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Title: Animals, environment and society : a zooarchaeological approach to the Late Chalcolithic-Early Bronze I transition in the southern Levant
Author: Whitcher, Sarah E.
Awarding Body: University of Edinburgh
Current Institution: University of Edinburgh
Date of Award: 2000
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The Chalcolithic-Early Bronze I (ca. 4500-3000 BCE) in the southern Levant saw significant social, political, and economic changes, evidenced by changing architectural styles, settlement patterns, and material cultures. Developments in the Chalcolithic and Early Bronze I gave way to the first walled settlements in the Early Bronze II, sometimes termed the first "urban" period in the southern Levant. This study investigates the animal component of the subsistence economy during the Chalcolithic and Early Bronze I in the southern Levant. In light of the proposed social, political, and economic changes occurring at this time, certain changes in the use of animals and their products are proposed. Zooarchaeological data are used to address four research themes: 1) the nature and degree of change in the transition from the Chalcolithic to the Early Bronze IA; 2) evidence within the subsistence economy that might help explain the Chalcolithic collapse; 3) zooarchaeological distinctions between the Early Bronze IA and IB, two discrete phases which are rarely separated in zooarchaeological studies; and, 4) a zooarchaeological assessment of the relationship between Egypt and the southern Levant from its incipience in the Chalcolithic to its climax in the Early Bronze IB. Results indicate that meat and secondary products provisioning occurred on a household basis from the Chalcolithic through the Early Bronze IB. However, changes in animal use noted between sites and over time at Shiqmim, Afrida, and the Halif Terrace indicate changing subsistence strategies within the limits of household production. The varying strategies indicate how the Chalcolithic and Early Bronze I people related to environmental limitations and changes in stability in light of the changing socio-political situations. Evidence from the later Early Bronze IB indicates a particularly significant change towards more intensified use of sheep/goat. The animal economy has also been found to serve as a catalyst for change-in the case of the donkey, whose increased presence corresponds, not coincidentally, with increasing contact with Egypt. Zooarchaeological analyses are therefore found to build upon our interpretations of the nature and degree of change from the Chalcolithic through the Early Bronze IB.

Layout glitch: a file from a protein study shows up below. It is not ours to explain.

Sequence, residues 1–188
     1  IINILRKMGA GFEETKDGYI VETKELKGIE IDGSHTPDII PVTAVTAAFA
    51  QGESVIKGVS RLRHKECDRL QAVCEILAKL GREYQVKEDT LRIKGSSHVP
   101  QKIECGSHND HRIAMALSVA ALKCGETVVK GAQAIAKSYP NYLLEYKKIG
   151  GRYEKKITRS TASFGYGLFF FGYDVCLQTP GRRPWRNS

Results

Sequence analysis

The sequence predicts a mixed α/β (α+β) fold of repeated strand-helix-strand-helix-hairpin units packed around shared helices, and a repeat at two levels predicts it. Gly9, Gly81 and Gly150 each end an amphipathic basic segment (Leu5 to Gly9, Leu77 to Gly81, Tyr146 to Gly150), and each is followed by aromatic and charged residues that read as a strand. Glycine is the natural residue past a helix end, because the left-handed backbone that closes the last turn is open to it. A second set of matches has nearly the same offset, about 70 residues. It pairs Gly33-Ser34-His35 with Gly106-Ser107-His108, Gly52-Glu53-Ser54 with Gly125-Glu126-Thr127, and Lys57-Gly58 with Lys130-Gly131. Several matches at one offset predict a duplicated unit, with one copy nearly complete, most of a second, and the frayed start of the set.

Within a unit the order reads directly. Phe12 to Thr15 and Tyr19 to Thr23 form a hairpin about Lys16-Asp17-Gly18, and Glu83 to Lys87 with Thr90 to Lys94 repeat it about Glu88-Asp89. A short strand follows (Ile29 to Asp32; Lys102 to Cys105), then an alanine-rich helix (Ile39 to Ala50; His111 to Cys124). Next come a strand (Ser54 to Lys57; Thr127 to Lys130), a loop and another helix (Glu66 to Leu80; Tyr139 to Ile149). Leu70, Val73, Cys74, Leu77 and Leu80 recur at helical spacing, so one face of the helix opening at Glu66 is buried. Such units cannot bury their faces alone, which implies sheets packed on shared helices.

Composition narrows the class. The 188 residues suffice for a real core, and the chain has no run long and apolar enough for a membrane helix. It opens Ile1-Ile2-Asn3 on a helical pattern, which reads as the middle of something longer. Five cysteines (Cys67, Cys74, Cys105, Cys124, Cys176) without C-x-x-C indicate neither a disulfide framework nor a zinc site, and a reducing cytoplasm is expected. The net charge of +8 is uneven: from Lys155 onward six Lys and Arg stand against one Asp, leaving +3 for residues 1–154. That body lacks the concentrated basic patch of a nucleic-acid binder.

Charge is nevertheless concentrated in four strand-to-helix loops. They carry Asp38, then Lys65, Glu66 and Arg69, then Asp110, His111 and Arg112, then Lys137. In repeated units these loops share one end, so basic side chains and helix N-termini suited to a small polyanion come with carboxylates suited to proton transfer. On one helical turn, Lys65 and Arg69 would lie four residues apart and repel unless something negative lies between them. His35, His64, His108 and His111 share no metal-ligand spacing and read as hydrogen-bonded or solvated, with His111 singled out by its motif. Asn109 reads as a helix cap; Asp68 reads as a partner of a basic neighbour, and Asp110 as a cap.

Supervisor: Not available Sponsor: Not available
Qualification Name: Thesis (Ph.D.) Qualification Level: Doctoral
EThOS ID:  DOI: Not available